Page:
Next Issue:


Previous Issue:


Brony Advice is both an active collaboration with artists and an advice column, in the simplest of terms: I want you to send me notes if you have any problems, secrets or comments on the pony fandom of any nature. It doesn't matter how embarrassing, offensive or vicious they might be - if you want someone to comment on them in an unbiased way, send them over. Maybe there's something within the fandom that you particularly despise, or perhaps you're feeling sad and need to hear some friendly advice? Whatever the motive, send me a note with your comment or question.

I'll then respond with advice and commentary and post the answers up in future installments. Users will remain anonymous, so you don't need to worry about your feelings and thoughts getting out onto DeviantArt. You may find that some of the things that you've personally been feeling will be addressed.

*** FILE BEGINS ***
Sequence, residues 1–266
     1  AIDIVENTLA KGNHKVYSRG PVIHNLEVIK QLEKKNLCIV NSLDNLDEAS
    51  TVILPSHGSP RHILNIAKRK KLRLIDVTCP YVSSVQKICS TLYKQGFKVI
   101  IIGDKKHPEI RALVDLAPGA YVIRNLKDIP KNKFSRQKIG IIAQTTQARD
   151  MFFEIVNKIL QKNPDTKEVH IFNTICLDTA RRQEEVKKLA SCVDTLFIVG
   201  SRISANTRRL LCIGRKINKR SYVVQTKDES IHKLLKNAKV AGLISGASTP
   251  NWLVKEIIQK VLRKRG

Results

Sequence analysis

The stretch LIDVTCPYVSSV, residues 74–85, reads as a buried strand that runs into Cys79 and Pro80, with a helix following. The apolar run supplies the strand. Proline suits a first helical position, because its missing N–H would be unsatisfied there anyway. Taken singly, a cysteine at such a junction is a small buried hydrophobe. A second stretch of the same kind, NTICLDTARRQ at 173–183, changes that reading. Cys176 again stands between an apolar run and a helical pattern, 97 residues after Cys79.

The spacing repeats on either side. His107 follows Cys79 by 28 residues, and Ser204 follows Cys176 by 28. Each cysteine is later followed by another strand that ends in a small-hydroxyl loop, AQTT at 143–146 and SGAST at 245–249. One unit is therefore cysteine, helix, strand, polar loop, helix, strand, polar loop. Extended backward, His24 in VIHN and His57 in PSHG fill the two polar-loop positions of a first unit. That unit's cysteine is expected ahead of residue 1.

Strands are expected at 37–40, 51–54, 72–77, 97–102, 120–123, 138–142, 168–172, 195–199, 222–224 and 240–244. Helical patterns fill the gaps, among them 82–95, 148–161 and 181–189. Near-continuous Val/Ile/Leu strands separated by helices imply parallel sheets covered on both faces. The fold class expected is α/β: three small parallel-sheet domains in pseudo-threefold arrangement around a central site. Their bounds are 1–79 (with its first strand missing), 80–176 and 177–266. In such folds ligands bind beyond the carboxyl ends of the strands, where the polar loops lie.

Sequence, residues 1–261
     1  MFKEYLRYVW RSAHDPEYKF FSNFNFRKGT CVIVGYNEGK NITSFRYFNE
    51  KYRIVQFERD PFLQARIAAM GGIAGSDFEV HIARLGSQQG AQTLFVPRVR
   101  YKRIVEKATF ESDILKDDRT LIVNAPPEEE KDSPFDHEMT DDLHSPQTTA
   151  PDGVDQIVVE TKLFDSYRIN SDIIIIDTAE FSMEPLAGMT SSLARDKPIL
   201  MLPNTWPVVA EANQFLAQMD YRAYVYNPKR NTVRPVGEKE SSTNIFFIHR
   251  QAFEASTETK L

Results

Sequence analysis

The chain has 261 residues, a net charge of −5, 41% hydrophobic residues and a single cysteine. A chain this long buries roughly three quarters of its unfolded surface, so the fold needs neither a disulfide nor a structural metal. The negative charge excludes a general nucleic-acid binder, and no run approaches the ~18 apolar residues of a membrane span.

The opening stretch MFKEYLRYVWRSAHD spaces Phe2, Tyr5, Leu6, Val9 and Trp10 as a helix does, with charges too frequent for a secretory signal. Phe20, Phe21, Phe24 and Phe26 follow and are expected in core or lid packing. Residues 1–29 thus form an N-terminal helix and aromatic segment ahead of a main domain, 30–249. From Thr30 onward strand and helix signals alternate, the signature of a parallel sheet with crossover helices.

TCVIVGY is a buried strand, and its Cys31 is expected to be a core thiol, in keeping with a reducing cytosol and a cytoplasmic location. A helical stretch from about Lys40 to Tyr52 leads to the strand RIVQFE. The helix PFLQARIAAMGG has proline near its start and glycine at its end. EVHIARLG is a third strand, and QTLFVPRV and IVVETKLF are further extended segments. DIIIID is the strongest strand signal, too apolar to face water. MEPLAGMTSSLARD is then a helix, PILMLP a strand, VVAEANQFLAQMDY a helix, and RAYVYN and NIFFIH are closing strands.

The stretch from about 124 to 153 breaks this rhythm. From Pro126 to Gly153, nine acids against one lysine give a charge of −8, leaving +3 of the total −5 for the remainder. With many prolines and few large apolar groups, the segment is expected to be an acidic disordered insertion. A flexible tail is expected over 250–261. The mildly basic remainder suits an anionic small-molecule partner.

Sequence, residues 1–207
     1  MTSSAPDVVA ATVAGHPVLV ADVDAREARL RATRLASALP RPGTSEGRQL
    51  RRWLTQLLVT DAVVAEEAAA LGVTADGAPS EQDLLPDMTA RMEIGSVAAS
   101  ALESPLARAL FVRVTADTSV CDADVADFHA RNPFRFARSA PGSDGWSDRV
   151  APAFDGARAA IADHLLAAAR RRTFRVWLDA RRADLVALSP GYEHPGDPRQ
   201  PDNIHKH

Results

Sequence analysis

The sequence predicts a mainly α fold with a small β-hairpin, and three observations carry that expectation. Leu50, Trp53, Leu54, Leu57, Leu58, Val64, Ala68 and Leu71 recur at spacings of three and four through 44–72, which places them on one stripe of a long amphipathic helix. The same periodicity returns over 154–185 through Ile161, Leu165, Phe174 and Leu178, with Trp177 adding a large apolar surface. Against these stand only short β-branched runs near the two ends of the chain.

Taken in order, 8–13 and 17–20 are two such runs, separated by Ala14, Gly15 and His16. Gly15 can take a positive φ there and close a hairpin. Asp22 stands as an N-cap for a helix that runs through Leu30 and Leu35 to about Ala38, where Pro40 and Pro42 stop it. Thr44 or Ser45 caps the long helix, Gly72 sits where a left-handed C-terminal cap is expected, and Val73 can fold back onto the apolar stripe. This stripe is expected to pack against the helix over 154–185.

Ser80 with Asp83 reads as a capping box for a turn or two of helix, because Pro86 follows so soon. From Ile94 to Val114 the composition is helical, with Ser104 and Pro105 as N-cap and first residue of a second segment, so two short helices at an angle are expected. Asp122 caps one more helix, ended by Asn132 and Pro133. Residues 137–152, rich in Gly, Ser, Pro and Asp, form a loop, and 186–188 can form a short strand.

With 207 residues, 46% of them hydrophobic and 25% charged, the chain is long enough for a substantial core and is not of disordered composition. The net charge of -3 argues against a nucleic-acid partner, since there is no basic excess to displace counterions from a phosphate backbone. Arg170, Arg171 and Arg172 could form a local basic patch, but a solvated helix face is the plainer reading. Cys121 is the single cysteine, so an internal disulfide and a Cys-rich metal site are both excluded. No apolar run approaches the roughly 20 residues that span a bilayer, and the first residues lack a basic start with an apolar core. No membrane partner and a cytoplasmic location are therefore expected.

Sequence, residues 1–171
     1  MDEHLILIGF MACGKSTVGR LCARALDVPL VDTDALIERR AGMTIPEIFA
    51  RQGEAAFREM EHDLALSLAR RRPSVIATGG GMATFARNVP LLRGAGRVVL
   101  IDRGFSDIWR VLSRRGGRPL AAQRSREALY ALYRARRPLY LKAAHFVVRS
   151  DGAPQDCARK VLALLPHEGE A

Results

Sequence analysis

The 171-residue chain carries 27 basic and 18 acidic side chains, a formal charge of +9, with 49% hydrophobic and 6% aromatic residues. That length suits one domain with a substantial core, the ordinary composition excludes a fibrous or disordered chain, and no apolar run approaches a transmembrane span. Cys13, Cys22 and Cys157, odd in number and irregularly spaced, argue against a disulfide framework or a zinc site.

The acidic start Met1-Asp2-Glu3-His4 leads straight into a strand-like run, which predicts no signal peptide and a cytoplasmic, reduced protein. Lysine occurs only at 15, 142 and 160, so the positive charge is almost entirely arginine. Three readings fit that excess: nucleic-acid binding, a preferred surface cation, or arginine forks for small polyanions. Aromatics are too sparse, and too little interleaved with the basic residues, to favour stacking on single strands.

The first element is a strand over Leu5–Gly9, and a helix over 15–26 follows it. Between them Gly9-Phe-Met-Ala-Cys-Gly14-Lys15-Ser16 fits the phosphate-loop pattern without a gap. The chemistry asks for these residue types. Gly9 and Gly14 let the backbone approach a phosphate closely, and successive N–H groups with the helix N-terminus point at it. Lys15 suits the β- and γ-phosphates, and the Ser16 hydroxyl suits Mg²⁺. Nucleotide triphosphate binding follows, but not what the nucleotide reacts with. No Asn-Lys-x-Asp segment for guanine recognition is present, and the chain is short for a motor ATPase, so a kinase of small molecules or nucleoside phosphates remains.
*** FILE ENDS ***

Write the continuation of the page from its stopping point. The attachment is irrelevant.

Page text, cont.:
Feel free to note me if you would like your questions and observations to be answered in an upcoming edition. Every edition will be engaging with three issues. The above three featured today were submitted by anonymous deviants.

In this issue, my friend *TurkeySM contributed an answer. As Brony Advice is collaborative, I thought it fair to get some answers from other people connected to the fandom, to give some other interesting perspectives on issues. Many thanks to him for his contribution!

Artwork by the wonderful *Rannie-kins. Go check out her stuff!
Add a Comment:
nurgledisciple14 Featured By Owner Nov 22, 2012   Writer